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Fuelling Mental Wellbeing: Unlocking the Power of Nutrition in Mental Health

Updated: Apr 4


Have you ever noticed how a warm bowl of soup can feel like a comforting embrace? Perhaps you’re familiar with the phrases ‘feel good food’ and ‘food for the soul’? Indeed, food is more than just sustenance; it has an incredible power to influence our mood and mental wellbeing, yet its impact often remains underestimated. With one in four individuals in the UK experiencing mental health challenges every year [1], understanding this profound connection has never been more critical.





Food and Mood: What’s the Connection?

There’s a growing body of evidence suggesting a deep connection between what we eat and how we feel. One of the most compelling studies in this area is the 2017 SMILES trial [2]. In this study, individuals with moderate-to-severe depression were randomly assigned to follow a Mediterranean diet (the intervention) or receive social support. The aim was to explore whether the Mediterranean diet, known for its emphasis on whole, unprocessed foods like fruits, vegetables, legumes, nuts, seeds, fish, and extra-virgin olive oil, could support a reduction in depression symptoms.


After just 12 weeks, the Mediterranean diet group achieved significantly greater improvements in depression symptoms compared to the social support group. Remarkably, one-third of these individuals achieved remission from depression, a rate four-times higher than that of the social support group.


Importantly, similar findings were observed in a 2019 study amongst adults with self-reported depression [3]. The Mediterranean diet not only significantly reduced depression symptoms but also improved the participants' mental health quality of life (QoL). What’s even more encouraging is that that these improvements were sustained even six months later, underscoring the long-term benefits of healthy eating.


More recently, a study focusing on young males with depression reaffirmed the positive impact of the Mediterranean diet on depression symptoms and QoL. Significant improvements in both depression symptoms and QoL were achieved through the diet, compared to befriending therapy, after 12 weeks [4]. Although it’s essential to consider these findings in the context of the specific population studied (males aged 18-25 years old), this study adds to an increasingly compelling picture around the benefits of a healthy diet for improved mental health.


But what if you’re not dealing with depression? The good news is that these benefits have extended beyond individuals with diagnosed conditions. A 2017 meta-analysis, which involved a comprehensive examination of several relevant studies, found that adhering to a healthy dietary pattern, such as the Mediterranean diet, was associated with a reduced risk of depression [5]. Conversely, a diet high in red and processed meats, refined grains, fat, sugar, and salt, coupled with low intake of fruits and vegetables (the typical 'Western diet' in the UK), was associated with an increased risk of depression. Moreover, high consumption of ultra-processed foods has also been linked to heightened anxiety symptoms [6].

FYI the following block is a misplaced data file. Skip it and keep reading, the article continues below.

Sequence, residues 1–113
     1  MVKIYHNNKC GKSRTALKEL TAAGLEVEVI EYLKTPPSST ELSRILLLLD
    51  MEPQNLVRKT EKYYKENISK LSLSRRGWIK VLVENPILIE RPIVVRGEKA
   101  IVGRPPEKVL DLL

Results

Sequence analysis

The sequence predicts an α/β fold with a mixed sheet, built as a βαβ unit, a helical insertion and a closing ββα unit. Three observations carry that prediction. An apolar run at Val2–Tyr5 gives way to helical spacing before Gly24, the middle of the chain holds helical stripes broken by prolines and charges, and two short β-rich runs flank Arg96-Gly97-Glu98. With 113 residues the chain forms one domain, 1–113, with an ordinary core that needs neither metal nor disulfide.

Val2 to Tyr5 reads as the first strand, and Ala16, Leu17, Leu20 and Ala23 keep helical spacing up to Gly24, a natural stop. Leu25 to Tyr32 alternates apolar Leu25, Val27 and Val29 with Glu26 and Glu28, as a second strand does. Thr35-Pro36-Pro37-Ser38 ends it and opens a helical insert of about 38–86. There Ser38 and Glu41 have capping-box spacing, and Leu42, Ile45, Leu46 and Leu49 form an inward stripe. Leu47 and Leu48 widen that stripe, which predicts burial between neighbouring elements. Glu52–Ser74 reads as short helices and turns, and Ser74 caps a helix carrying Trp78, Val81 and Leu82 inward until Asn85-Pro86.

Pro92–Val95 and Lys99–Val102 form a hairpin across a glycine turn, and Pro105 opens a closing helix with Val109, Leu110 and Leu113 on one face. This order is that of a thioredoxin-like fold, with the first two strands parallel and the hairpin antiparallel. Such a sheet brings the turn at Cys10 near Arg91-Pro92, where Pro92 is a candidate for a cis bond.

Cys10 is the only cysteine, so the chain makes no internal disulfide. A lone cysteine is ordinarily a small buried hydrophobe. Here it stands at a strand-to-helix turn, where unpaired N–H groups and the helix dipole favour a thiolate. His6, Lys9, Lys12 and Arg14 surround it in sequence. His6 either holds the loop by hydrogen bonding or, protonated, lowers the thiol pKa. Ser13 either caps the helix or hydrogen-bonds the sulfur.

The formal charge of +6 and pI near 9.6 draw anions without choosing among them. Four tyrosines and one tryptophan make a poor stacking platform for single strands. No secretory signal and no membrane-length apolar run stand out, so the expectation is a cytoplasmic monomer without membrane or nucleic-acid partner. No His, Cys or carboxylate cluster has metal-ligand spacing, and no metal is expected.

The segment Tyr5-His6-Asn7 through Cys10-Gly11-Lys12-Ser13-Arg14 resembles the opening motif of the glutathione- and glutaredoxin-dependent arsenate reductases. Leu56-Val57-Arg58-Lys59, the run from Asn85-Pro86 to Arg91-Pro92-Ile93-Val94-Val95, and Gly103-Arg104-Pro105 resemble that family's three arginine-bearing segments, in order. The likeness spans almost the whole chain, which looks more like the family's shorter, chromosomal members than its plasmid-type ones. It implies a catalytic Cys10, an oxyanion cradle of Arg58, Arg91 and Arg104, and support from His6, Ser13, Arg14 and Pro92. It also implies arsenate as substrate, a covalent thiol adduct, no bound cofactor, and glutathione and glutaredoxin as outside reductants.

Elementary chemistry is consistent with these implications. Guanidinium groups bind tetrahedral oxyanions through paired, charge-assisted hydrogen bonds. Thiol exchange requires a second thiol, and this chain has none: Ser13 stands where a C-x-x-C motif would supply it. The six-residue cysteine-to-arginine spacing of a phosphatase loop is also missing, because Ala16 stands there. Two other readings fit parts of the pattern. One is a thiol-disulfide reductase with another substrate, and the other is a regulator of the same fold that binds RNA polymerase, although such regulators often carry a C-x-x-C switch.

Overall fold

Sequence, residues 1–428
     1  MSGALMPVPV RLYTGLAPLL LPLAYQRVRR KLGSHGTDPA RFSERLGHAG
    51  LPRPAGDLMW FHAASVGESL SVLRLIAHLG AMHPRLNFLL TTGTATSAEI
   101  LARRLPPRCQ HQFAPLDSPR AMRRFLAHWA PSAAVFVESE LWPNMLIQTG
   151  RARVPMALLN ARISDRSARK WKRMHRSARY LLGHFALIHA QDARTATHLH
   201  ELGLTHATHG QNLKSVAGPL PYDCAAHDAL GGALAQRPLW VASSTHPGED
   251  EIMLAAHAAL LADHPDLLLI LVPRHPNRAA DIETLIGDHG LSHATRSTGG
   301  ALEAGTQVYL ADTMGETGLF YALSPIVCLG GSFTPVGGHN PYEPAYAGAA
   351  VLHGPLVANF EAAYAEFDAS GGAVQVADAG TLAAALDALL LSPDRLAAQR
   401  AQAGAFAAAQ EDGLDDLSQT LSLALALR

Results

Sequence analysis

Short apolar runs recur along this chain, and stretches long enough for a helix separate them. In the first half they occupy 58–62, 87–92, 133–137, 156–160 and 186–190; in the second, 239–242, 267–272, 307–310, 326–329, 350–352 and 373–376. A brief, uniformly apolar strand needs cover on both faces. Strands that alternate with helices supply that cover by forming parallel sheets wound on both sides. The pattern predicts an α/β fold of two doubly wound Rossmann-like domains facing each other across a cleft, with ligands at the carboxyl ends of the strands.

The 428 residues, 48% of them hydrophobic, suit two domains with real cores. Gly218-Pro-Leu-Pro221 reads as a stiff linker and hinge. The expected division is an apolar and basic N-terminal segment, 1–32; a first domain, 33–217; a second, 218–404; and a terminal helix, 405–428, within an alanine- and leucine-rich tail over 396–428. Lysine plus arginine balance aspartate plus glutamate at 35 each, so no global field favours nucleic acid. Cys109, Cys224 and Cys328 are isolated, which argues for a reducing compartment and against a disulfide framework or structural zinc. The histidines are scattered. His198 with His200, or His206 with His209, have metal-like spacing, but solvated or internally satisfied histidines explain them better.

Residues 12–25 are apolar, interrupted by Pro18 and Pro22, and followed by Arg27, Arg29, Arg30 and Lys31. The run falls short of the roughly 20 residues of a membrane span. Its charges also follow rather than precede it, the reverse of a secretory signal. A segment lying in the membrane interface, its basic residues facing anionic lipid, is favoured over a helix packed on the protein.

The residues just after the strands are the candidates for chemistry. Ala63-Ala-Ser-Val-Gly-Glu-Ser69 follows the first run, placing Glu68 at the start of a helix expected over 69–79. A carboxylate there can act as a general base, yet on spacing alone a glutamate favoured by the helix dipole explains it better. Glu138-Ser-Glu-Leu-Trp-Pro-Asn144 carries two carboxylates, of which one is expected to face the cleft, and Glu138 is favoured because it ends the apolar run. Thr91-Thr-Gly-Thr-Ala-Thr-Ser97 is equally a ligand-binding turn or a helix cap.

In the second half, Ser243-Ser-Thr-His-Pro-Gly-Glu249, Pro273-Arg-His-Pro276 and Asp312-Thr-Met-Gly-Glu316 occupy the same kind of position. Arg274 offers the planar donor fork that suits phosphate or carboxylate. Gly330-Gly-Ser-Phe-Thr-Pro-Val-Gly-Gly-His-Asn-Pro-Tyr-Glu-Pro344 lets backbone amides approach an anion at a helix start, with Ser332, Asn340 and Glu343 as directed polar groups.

So, we know that the food we eat influences how we feel. But what are the mechanisms driving this?



Inflammation

Inflammation is a natural and vital process in the body’s immune response. It occurs when the body detects an injury, infection, or damage of any kind. While acute inflammation is a necessary part of our defence system, chronic inflammation, which persists over an extended period, can be harmful; emerging research has highlighted an intricate relationship between inflammation and various mental health conditions including depression, anxiety and cognitive disorders. Examples of how chronic inflammation can negatively impact mental health include:

  • Altered neurotransmitter function: Inflammation can influence the production and regulation of neurotransmitters, which are chemicals that transmit signals in the brain. Chronic inflammation may reduce the availability of serotonin, a neurotransmitter associated with mood regulation and often referred to as the ‘happy hormone’. Lower serotonin levels are frequently observed in people with depression [7].

  • Neuroinflammation: Inflammation occurring in the brain can disrupt the normal functioning of neural pathways and neurotransmitter systems. This can lead to changes in mood, behaviour and cognitive function [8].

  • Hormone imbalance: Inflammation can affect our endocrine (hormonal) system, causing disruptions in hormonal balance. For instance, an increased release of cytokines (molecules involved in inflammation) can impact the hypothalamic-pituitary-adrenal (HPA) axis, which regulates the body's stress response. Dysregulation of the HPA axis has been linked to mood disorders; for example, the production, release and regulation of serotonin and dopamine may be altered, which can negatively affect mood [9].

  • Reduced neuroplasticity: Chronic inflammation may impair neuroplasticity, which is the brain’s ability to adapt and reorganise itself. Reduced neuroplasticity can hinder the brain's capacity to recover from stress or trauma [10].